There are couple tricks thieves may, in turn, play with you. One is called “accidentally locked my bike with yours”, the other “unfortunate tire puncture”. The principle is always the same – someone finds your bike attractive but doesn’t dare to steal it right away. They “accidentally” lock their (usually crappy) bike with to your bike, or puncture your tire (sometimes just open the valve), so that either way you have to leave the bike on the spot. Return next day and your bike is gone. The learning here is never to leave your bike on the spot if you encounter such suspicious situation. Call the police to remove the other bike, or take your bike somewhere safer before you get the tire fixed.
Pro tip: Use more kinds of security tools. For instance, GPS trackers are a good detractor for thieves, especially since Dutch municipalities started setting up bait bikes. Even a simple sticker saying your bike is registered somewhere (e.g. Bike Index ?) could discourage a potential thief.
Lock the bike even inside.
Sometimes, statistics are quite surprising: over 30% (some sources say even over 50%) of bikes are stolen from their owner’s homes or “safe places”. The reasoning is simple here, people overestimate security of “behind the door”. Communal spaces are the worst, but even garages or sheds get broken into, and what’s the most expensive, while also the easiest thing to steal? Your bike, of course. Lock even in the garage.
And in case you don’t have a thing to lock your bike to in your garage/shed/garden, there are even special anchors you can set up to lock your bike. Almost invisible, but awesome helpers when the time comes.
Two is more than one. That is valid for locks, too.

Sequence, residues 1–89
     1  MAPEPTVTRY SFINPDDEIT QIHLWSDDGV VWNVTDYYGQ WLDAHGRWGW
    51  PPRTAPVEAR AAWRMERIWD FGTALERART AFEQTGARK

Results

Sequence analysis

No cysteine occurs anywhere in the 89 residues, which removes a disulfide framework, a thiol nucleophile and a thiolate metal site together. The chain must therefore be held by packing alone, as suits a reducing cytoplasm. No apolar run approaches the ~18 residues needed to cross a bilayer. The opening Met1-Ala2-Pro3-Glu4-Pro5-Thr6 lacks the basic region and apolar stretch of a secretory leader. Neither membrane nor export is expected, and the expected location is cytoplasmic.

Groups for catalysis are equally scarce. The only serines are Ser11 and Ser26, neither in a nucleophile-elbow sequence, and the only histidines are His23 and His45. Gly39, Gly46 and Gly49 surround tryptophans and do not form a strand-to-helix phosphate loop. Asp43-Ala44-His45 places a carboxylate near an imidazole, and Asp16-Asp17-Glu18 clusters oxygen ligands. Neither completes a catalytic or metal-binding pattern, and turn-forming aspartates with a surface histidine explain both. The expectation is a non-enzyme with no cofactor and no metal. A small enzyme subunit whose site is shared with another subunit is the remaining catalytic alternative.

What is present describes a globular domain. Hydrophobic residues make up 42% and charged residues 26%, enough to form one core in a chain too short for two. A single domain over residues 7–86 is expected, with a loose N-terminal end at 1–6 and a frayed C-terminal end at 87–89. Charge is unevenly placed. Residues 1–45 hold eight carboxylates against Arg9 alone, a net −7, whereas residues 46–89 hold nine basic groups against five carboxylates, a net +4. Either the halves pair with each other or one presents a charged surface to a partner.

When it comes to counting seconds that thieves get to steal your bike, “2>1” can switch an attractive bike into “nah, too much hassle”. It’s not just the extra protection, with a second lock you also increase the chance at least one of them is out of reach, or thieves do not have tools for one of them. Thus, when buying a second lock, you don’t usually need the top notch one, but always differentiate from your primary lock. For most bike types, ring locks work great as a secondary backup – light, portable, extremely hard to beat in a public place.
Pro tip: Given that you’ve read an article on bike security this far, you probably really care about keeping your bike safe. In that case, consider buying a hyper strong “stationary” chain (such as the ART5 Pro-Tect chain) you’ll always keep on your regular parking spot. That way you have a super-safe harbour without dragging much weight on the go. Check out our bike accessories shop if you need a new (/additional) lock.
Fill your lock.
If possible, “fill” your lock like on this picture:
This one is especially valid for U locks. Many of the thieves’ tools require space within the lock – for instance, “bottle jacks” use pressure between the parallel parts of the U-lock. Fill it in, and you eliminate quite some of the usable tools. Free-hanging chain locks can be, on the other hand, pulled close to ground and lever-cut with bolt cutters.
There are of course other aspects of securing your bike, such as choosing the right lock, using alarms or GPS trackers etc. – but let’s get to those in some other dedicated articles.
Have a safe trip!